Written by: Keith Tully
Reviewed: Tuesday 7th June, 2016
Administrators have been appointed to manage the affairs of a Scottish oil and gas sector services group called SeaEnergy after cash flow problems took their toll on its businesses and operations.
According to the appointed administrators, SeaEnergy came to be increasingly short of cash towards the end of 2015 as a result of the international oil price decline and the impact this trend has had on operators within the UK’s energy industry.
“As seen throughout the industry, client orders were cancelled or postponed, and the number of new business enquiries reduced significantly,” a recent statement from SeaEnergy’s administrators at KPMG explained.
Despite having succeeded in securing a £1 million working capital loan in November of last year, SeaEnergy’s directors were unable to put their group back onto a stable financial footing as trading conditions within their industry continued to deteriorate in the early months of 2016.
In March, SeaEnergy issued a statement to the stock exchange informing investors that it has been making significant losses, was trying to sell its assets to raise funds and may not be in a position to continue trading beyond May of this year.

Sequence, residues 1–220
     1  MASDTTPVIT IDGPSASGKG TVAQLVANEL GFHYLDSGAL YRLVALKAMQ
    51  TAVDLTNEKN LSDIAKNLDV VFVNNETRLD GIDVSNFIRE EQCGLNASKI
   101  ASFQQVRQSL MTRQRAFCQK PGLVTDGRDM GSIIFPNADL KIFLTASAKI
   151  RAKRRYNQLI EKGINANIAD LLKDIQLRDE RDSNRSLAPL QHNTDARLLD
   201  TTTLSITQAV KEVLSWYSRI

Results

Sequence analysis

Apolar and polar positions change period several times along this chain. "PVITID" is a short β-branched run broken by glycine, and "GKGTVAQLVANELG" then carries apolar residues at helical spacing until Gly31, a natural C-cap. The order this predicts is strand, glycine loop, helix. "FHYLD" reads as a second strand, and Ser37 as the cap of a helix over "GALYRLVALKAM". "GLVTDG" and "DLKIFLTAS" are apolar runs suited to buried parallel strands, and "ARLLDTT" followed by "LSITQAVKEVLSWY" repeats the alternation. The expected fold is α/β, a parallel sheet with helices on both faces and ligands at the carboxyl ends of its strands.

“The loan facilities announced in November 2015, which were intended to bridge the gap to improved trading conditions, have proved to be insufficient and the company's cash position is becoming constrained,” a statement from the company said at that time.
“Any short term improvement in performance would require a rapid upturn in the oil and gas market,” it said.
Unfortunately for SeaEnergy, that upturn has not been in evidence in recent weeks and administrators are now in the process of trying to maximise value for creditors from the group’s saleable assets.
The two primary businesses operated by the Aberdeenshire-based group are Return to Scene Limited (R2S) and SE Innovation Limited (SEIL), both of which provide asset management software services to energy sector operators.
Other assets owned by SeaEnergy include royalty interests relating to oil and gas exploration fields in the UK.
Various assets and employees of SEIL have been transferred to R2S in recent days with the former SeaEnergy business being acquired soon after by a company called James Fisher Holdings.
“We are pleased to have concluded the sale of R2S to James Fisher, which will safeguard the majority of jobs within the group, maintain customer service, and provide the best outcome for SeaEnergy’s creditors,” said one of KPMG’s appointed administrators in a recent statement.
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